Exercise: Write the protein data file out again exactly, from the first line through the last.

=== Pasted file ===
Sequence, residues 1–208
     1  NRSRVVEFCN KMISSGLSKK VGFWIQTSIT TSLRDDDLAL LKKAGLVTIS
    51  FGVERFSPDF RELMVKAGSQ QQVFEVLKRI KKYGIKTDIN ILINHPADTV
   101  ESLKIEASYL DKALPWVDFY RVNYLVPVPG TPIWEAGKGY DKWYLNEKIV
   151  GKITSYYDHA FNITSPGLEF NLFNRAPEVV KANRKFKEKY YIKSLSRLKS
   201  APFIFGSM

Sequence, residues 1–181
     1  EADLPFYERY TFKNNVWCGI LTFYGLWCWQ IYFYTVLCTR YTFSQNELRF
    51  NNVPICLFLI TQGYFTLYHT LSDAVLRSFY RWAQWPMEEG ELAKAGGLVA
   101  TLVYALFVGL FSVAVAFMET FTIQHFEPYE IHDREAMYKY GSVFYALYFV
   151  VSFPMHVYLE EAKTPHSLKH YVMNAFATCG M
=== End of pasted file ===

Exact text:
Sequence, residues 1–208
     1  NRSRVVEFCN KMISSGLSKK VGFWIQTSIT TSLRDDDLAL LKKAGLVTIS
    51  FGVERFSPDF RELMVKAGSQ QQVFEVLKRI KKYGIKTDIN ILINHPADTV
   101  ESLKIEASYL DKALPWVDFY RVNYLVPVPG TPIWEAGKGY DKWYLNEKIV
   151  GKITSYYDHA FNITSPGLEF NLFNRAPEVV KANRKFKEKY YIKSLSRLKS
   201  APFIFGSM

Sequence, residues 1–181
     1  EADLPFYERY TFKNNVWCGI LTFYGLWCWQ IYFYTVLCTR YTFSQNELRF
    51  NNVPICLFLI TQGYFTLYHT LSDAVLRSFY RWAQWPMEEG ELAKAGGLVA
   101  TLVYALFVGL FSVAVAFMET FTIQHFEPYE IHDREAMYKY GSVFYALYFV
   151  VSFPMHVYLE EAKTPHSLKH YVMNAFATCG M